JOBURG’S CLEANUP CAMPAIGN Herman Mashaba, executive mayor of the City of Johannesburg, recently launched a ward-based litter pick-up cleaning initiative. Starting in September, Jo’burg will have a citywide clean-up on the last Saturday of every month, supported by councillors and ward committee members as well as businesses. Dubbed A Re Sebetseng, the campaign is modelled on Rwandan capital Kigali’s Umaganda programme, which led to the city being named the cleanest in Africa in 2015.

Seeking to address the knowledge vacuum generated by the multitude of environmental, economic and social crises manifesting in cities in the Global South due to rapid urbanisation, the African Centre for Cities (ACC), rooted at the University of Cape Town, has launched a new masters in Southern Urbanism (an MPhil specialising in Urban Studies). The development of the course, supported by a grant from the Andrew W Mellon Foundation, got underway in 2015 and will have its first in-take in 2018. In year one, students complete the masters coursework, which includes a compulsory City Research studio, a choice of two out of three interdisciplinary urban modules, and an urban-focused elective. In year two, students research and write individual minor dissertations based on their own fieldwork. Applications for the course are now open on the ACC website.

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GREEN GOALS FOR SANDTON GATE DEVELOPMENT To be developed by Abland and Tiber, the Sandton Gate precinct, situated on William Nicol Drive between Sandton Drive and Republic Road, will provide 130 000m2 of developable floor area. This will be made up of about 80 000m2 of offices, 400 residential units and other amenities. The ambition is to attain at least a 4 Star Green Star SA rating for every commercial building in the precinct, which will align with the development’s stated green goals. “We are proud to say that the entire precinct will be Green Star SA-rated and that Sandton Gate is one of the sites being used as a pilot in the development of the precinct rating tool by the Green Building Council of South Africa,” says Abland managing director Jurgen Prinsloo.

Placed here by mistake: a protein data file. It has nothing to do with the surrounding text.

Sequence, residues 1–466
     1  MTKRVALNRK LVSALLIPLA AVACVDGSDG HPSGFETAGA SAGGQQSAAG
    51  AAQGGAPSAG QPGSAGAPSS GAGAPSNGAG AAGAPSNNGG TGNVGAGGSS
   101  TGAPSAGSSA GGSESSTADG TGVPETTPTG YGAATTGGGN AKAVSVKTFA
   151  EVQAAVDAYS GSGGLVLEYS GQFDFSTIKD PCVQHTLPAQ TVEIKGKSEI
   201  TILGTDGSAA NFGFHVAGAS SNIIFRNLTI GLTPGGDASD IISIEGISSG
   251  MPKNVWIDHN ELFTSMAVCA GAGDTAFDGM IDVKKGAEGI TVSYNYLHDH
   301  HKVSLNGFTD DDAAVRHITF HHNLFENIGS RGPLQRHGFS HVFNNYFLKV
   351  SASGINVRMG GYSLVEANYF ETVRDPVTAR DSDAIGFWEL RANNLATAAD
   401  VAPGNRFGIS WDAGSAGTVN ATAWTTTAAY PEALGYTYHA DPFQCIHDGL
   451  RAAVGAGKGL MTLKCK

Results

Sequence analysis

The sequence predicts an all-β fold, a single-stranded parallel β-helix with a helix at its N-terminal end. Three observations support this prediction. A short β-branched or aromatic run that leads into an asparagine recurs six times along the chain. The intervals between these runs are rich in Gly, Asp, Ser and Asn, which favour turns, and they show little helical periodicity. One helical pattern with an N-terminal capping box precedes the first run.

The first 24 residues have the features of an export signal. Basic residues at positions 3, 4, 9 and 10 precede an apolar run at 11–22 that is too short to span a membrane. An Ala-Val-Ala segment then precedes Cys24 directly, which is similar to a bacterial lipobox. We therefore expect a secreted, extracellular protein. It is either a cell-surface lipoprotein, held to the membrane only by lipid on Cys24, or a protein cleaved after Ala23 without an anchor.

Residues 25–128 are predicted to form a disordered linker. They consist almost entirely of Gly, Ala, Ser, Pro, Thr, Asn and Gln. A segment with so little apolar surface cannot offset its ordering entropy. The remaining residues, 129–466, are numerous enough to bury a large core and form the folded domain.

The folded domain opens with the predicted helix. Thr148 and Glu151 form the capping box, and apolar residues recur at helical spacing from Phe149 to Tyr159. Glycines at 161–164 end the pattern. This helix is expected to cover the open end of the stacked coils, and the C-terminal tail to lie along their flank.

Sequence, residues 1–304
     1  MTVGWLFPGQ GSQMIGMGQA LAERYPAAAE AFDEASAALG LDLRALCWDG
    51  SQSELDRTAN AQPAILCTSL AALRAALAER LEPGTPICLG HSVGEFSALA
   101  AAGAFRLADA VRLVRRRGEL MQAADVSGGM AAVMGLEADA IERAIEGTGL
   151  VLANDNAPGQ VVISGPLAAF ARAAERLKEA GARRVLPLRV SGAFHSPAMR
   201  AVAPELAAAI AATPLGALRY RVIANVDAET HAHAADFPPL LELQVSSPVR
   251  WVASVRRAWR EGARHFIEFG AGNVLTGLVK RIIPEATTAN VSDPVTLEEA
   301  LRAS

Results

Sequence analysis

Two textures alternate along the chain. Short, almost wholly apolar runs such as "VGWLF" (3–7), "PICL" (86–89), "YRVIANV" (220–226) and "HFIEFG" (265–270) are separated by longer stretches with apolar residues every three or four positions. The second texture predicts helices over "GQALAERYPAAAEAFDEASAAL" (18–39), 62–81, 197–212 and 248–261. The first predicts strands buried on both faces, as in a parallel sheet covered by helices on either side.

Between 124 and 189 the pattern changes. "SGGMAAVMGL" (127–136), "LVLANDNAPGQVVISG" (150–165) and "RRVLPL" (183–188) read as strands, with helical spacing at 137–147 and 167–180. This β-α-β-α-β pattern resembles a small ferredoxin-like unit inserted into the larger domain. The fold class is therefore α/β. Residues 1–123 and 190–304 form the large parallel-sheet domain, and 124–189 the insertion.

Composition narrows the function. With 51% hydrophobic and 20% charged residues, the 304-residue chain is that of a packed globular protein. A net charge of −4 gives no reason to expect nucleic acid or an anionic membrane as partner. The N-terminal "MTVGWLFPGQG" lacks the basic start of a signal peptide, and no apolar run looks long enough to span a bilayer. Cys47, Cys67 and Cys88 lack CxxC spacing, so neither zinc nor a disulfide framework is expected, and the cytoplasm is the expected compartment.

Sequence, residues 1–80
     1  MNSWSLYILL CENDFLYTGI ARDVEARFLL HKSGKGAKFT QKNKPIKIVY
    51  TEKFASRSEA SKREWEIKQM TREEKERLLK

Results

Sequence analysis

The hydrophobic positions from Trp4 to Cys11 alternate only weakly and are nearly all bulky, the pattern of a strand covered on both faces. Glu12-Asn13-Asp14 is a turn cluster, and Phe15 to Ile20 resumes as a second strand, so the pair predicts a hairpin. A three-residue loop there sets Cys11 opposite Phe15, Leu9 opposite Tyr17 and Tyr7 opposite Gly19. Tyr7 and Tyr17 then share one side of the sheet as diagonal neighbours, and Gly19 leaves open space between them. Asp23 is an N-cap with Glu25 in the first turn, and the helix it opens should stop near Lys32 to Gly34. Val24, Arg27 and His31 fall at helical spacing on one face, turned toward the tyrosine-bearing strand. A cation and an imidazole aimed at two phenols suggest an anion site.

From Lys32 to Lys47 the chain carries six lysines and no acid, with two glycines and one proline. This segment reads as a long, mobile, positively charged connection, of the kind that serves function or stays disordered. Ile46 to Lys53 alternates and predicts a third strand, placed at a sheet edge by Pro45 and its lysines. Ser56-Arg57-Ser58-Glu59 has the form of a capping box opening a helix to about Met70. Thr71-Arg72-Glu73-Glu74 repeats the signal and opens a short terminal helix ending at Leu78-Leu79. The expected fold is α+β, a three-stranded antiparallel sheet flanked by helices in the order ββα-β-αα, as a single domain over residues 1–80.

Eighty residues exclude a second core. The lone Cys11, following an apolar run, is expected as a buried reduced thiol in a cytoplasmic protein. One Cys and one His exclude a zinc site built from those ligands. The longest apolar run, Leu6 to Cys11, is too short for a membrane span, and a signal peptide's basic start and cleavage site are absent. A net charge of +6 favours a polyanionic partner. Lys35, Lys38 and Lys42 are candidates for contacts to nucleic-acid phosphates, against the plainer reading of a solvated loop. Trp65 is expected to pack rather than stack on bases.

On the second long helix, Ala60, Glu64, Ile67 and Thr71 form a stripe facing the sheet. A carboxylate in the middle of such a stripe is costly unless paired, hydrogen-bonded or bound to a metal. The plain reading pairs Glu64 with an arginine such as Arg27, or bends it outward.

The World Wide Fund for Nature’s (WWF) recently released Food loss and waste: facts and futures report has highlighted the economic, environmental and social cost of food waste in South Africa. Statistics gathered for the report show that, in line with the rest of the world, about one third of all food produced in South Africa ends up in landfill. This, despite the fact that many people in the country experience hunger resulting from lack of food. About 50% of that loss occurs at farm or post-harvesting level, with 25% lost during processing and packaging, 20% at distribution and retail level, and 5% on a domestic level. Solutions for the problem are multifaceted, and include government taking steps to regulate farming, packaging and retail practices by putting in place waste restrictions, as well as so-called “waste not, want not” actions for the food industry and retail sector. These include adopting date label best practice (putting both a “sell-by” and “use-by” date on the label to avoid consumer confusion), collaboration throughout the supply chain to reduce unnecessary loss, and signing up to the Food Loss and Waste Accounting and Reporting Standard, which helps standardise data across the board. Download the full report at:

SOLAR PV FOR ATTERBURY’S PORTFOLIO SOLA Future Energy and Atterbury Property Developments have partnered to provide high quality solar energy and electrical storage solutions to the Atterbury portfolio of properties. The parties entered an agreement in May 2017, which will guide the installation of 20MW of solar PV systems on Atterbury properties, including those at Waterfall Estate in Midrand. James Ehlers, Atterbury Property Developments managing director, says: “Atterbury realised solar-smart solutions are needed, as this will become a vital part of the property industry.” SOLA will provide the design and engineering services for the full 20MW. They will also manage the installation during the project development phase, and will assist Atterbury with ongoing operation and maintenance of the systems. The agreement currently covers all Atterbury projects in South Africa and selected projects in Africa and abroad.